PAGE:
Here are the elections to look out for in 2019
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Here are the elections to look out for in 2019

AS the year 2018 drew to a close, we have witnessed quite a few elections that sent shockwaves in the region.

In Malaysia, for example, the new Pakatan Harapan (Alliance of Hope) pact led by Dr Mahathir Mohamed unseated the Barisan National under Prime Minister Najib Razak on May 9, overturning a coalition that has ruled for over 60 years.

Over in Cambodia, Prime Minister Hun Sen claimed a landslide victory in ‘sham’ election after silencing main opposition. Hun Sen’s Cambodian People’s Party (CPP) in  July announced the victory that rights groups said was neither free or fair.

This year, we will see anticipating more national polls that are tipped to have a lasting impact in the Asia-Pacific and beyond.


Since seizing power from a democratically elected government under Prime Minister Yingluck Shinawatra, the Thai military has delayed the polls on numerous occasions but a bill approved by the country’s monarch, King Maha Vajiralongkorn Bodindradebayavarangkun, in mid-2018 called for the widely-anticipated election to be held before May 2019.

While political parties are ramping up efforts ahead of the polls, critics say the military-drafted constitution would prolong the influence military influence on the nation’s politics. Current Prime Minister

Prayuth Chan Ocha had expressed his interest in running for the elections prompting speculation that he is vying to become prime minister again.

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Jokowi kicked off his bid for reelection in September 2018. Source: AP

Indonesia’s presidential race kicked off in Septempber with both President Joko “Jokowi” Widodo and former general Prabowo Subianto fighting for the ballots of 187.1 million eligible voters ahead of polling day next April.

The two began their seven-month-long campaigns this weekend to shore up votes in an unprecedented election for the republic which for the first time has nearly half of the total voters aged 35-years-old or younger.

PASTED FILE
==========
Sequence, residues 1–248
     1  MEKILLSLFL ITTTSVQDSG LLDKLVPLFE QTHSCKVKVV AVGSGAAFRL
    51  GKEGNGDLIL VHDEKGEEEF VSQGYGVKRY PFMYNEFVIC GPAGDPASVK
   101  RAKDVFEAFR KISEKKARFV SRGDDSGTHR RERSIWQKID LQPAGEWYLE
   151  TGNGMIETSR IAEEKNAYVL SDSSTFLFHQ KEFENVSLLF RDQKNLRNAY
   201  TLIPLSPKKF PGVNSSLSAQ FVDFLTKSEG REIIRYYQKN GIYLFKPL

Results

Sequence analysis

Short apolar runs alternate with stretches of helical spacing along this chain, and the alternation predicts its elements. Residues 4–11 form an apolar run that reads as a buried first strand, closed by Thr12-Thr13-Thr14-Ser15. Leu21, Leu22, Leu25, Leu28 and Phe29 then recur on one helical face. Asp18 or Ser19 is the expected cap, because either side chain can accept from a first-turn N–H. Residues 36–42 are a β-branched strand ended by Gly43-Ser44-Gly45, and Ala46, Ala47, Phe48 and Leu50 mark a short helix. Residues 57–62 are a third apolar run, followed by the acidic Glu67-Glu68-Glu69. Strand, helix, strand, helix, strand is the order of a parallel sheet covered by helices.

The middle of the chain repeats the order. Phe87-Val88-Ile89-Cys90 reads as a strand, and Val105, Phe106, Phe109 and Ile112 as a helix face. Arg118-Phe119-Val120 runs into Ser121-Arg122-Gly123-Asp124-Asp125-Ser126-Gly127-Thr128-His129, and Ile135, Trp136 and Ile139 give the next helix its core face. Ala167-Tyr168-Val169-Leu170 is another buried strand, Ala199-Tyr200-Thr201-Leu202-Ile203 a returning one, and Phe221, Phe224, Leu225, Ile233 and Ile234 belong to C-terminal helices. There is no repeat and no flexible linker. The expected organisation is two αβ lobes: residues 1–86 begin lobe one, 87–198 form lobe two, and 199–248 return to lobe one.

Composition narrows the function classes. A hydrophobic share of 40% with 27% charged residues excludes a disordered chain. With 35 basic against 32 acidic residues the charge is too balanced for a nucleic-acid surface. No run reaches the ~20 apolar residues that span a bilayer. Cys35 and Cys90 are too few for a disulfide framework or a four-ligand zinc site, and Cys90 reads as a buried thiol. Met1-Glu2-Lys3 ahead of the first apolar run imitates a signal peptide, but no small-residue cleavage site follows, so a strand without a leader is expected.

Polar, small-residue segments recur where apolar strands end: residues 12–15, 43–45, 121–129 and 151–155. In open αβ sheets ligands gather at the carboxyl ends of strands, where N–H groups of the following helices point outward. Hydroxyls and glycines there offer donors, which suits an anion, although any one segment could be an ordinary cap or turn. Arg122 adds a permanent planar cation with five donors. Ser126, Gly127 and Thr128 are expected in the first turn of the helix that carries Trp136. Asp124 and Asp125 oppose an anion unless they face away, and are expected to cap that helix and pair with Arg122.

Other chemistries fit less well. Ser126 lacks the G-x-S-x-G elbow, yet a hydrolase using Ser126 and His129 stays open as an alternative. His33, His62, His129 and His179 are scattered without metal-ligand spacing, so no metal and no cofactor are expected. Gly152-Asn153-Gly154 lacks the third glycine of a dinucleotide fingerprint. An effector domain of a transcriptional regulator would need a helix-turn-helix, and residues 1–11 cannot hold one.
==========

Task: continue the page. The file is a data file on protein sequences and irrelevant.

The upcoming election will also be the first time that voters will be choosing the president and members of parliament on the same day.

Since 1998, Indonesia has practised an electoral system that prevents a single party from holding power following the downfall of dictator Suharto in 1998.

Jokowi and his Islamic cleric running mate Ma’ruf Amin is backed by the nine-party Golkar coalition led by the Indonesian Democratic Party-Struggle (PDI-P), while Prabowo and Jakarta Deputy Governor Sandiaga Uno is contesting under The Great Indonesia Movement Party (Gerindra).

Ma’ruf’s selection comes at a time when the Muslim-majority country is experiencing the decline of its pluralistic brand of Islam and the rise of religious fundamentalism promulgated by influential far-right groups.

SEE ALSO: Is China ‘meddling’ in the US elections? 



Indonesia’s President Joko Widodo (R) shakes hands with Australia’s Prime Minister Scott Morrison (L) during a meeting in Bogor on August 31, 2018. Source: Achmad Ibrahim/Pool/AFP

Australia Prime Minister Scott Morrison looked to shore up support recently teasing AUS$9 billion worth of tax cuts as he faces a rout in the May general election.
According to the AFP, his conservative coalition is ten points back in the polls and facing a thumping loss to centre-left Labor.

A mid-year budget released Monday showed the government running a smaller deficit than expected and possible surplus next year. That amounts to a much-needed AUS$9.25 billion (US$6.7 billion) election war chest for Morrison, the AFP reported.

Australia’s economy has been growing steadily for decades, but has started to slow amid trade disputes between China and the United States and domestic pressures.
An election date has not yet been set, but it is widely expected by May next year.



(File) Indian Prime Minister Narendra Modi reads a placard that says “Miss You Atal Ji” as he walks behind a truck pulling the coffin with the body of former Indian prime minister Atal Bihari Vajpayee during a funeral procession in New Delhi on August 17, 2018. Source: AFP

Indian Prime Minister Narendra Modi will run for a second term in office in the national polls due to be held before May 2019.
However, the results in key state elections held earlier this saw his ruling Bharatiya Janata Party (BJP) concede defeat in what is said to be the dry run for the national polls.

The results from the elctions this month and in November showed the BJP losing power in the central state of Chhattisgarh and in Rajasthan in the west.
The chief ministers from both states, both from Modi’s BJP, conceded defeat, while in Madhya Pradesh the outcome was on a knife-edge, according to the ADP.

They form part of the “Hindi Belt” or “Cow Belt” region of around 475 million people — more than the United States, Canada and Mexico combined — where the right-wing BJP has its core support base.

His likely challenger will be Rahul Gandhi from the Congress party, scion of the Nehru-Gandhi dynasty, whose position was bolstered by Tuesday’s results.